Have you defeated the fearsome sleep beast that plagues so many of your countrymen?
You might think you have – after all, you installed blackout curtains in the bedroom, disconnected every LED-light before hitting the sack, peer through slitted eyes at a F.lux-altered computer screen, get seven to nine hours a night, and make getting to bed early a priority – but if you’re still waking up groggy, foggy-headed, and in desperate, immediate need of a caffeine infusion… is the beast really slain or has it merely assumed another form? You could even be displaying zero outward signs of sleep deprivation, like insulin resistance, fat gain, or a zombie-like disposition at midday, instead continuing to lean out and enjoy steady energy throughout the workday (once you snap out of the morning doldrums), but that waking grogginess cannot be ignored. It’s annoying and it’s ruining what should be a serene moment of quiet energy before the madness of the day descends. You don’t want to be stumbling through the kitchen for the coffee maker; you want to spring out of bed and greet the morning like the dear old friend it should be.
Okay, so how do you do it? How do you really defeat the sleep beast once and for all?
Ah, sleep. Nothing like a good dose of the stuff, right? Losing even a single wink of your usual forty (or an hour, as the case may be) is enough to throw off an entire day.
But do you know who might love sleep more than anyone or anything? Our livers.
Yes, livers. Those fleshy multivitamins with an apparent propensity for fat accumulation function best on a good night’s sleep. New research is revealing exactly why shift workers and other chronically sleep deprived members of mankind tend to have problems with obesity, insulin resistance, diabetes, heart disease, and all the other popular features of metabolic syndrome: their livers aren’t processing fat efficiently, instead allowing fat to accumulate.
Conventional Wisdom always gets an eyebrow raise from me. I can’t help it. Eventually, I take an honest look at whatever the experts are saying, but skepticism gets first dibs. I’d call it an instinct if it weren’t learned behavior from years of being burned. For example, I once took to task the most pervasive “truth” around: that everyone needs to drink eight glasses of water a day or risk kidney failure, toxin buildup, bladder cancer, and debilitating constipation. It was pretty easy to do.
But it’s not all BS. Smoking is bad for you, for example. See? I can admit when they’re right!
Like last week’s stress post, I’m not going to delve deeply into why sleep is so important. I’ve done it before, and doing so again would simply take up valuable space that’s better used for action items – for actual sleep hacks that you can put into effect immediately. Just rest assured that it’s crucial to health, longevity, immunity, recovery from training, cognition, aptitude while operating vehicles and/or machinery, insulin sensitivity and, well, do I need to go on? If you want to enjoy your limited time on the planet, you better get your Zs.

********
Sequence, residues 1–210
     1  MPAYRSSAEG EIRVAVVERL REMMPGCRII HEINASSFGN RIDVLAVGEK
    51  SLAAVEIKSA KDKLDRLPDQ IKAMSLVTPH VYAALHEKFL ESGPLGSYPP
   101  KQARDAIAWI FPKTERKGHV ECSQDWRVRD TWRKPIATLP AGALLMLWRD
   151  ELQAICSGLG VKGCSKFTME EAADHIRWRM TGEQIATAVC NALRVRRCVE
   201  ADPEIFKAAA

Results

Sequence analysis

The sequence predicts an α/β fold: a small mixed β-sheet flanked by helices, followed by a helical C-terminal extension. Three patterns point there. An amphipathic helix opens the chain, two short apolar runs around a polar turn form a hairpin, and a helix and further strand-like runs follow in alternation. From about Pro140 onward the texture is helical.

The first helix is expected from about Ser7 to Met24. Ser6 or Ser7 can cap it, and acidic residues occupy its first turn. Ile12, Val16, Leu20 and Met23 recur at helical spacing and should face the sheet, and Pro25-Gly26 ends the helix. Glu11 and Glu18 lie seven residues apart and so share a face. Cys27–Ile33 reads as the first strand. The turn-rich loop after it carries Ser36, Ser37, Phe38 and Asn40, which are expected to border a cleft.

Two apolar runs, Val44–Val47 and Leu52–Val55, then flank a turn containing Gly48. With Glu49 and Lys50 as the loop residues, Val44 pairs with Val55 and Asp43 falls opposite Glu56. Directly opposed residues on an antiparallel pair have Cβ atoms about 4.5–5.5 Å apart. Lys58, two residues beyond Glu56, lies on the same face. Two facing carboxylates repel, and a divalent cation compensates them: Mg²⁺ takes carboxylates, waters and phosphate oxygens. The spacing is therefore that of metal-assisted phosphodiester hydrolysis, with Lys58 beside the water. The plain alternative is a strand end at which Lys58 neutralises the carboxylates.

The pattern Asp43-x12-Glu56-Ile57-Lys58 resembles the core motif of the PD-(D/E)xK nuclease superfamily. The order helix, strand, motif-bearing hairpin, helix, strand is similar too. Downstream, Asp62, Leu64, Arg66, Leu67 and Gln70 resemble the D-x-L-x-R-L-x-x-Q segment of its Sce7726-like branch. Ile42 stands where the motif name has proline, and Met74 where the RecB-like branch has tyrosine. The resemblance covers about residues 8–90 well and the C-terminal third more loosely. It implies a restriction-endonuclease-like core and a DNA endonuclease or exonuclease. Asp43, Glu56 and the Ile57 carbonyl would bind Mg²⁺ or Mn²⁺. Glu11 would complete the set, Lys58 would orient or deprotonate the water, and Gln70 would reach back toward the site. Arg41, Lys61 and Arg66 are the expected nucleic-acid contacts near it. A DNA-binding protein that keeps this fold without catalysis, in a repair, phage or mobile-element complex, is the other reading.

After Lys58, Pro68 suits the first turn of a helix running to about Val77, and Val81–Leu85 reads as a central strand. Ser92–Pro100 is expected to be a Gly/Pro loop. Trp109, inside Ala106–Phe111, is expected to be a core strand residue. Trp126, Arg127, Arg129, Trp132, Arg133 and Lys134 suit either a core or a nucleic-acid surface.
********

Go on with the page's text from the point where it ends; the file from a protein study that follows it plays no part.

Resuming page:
Despite the long list of health benefits, sleep is one of those things that people skimp on, whether by necessity (work, traffic, kids, busy schedules) or because they figure they can simply “power through it”. The supposed ability to lower our sleep requirements through sheer will is pervasive. “Tough it out” is a popular slogan, as are “Sleep is for the weak” or “I’ll sleep when I’m dead.” Then there’s Virgil’s “Death’s brother, Sleep” (or, alternately, Nas’ “Sleep is the cousin of death” – thanks, Worker Bee). What we end up with, then, is a nation of overworked, overly fatigued men, women, students, and even children shambling through days dotted with Starbucks Ventis and ridiculous energy drinks. If you count yourself among their numbers, or perhaps you just want better sleep, read on for some tips and tricks:
And now for another round of Monday Musings…
Poop is the new probiotic. Doctors have been using fecal transplants as a “last resort,” mostly to treat the rising scourge of Clostridium difficile, a gut bug that affects about 250,000 Americans every year and proves extremely resistant to antibiotics. Shooting a fecal extract from healthy people into the C. diff-ridden colons of the affected has a 95% success rate. Some docs are pushing for the last resort to be the go-to move. I can’t argue with that.
But gut health isn’t just about acute infection. It’s also about basic metabolic health. A study showed that sterile mice receiving a fecal transplant from obese mice gained more weight than sterile mice who received transplants from lean mice. And most recently, a Dutch pilot study gave 18 obese males with pronounced metabolic syndrome fecal transplants from lean individuals. They did not lose weight, but they did experience improved insulin sensitivity and triglyceride numbers. These improvements reverted after about 12 weeks.
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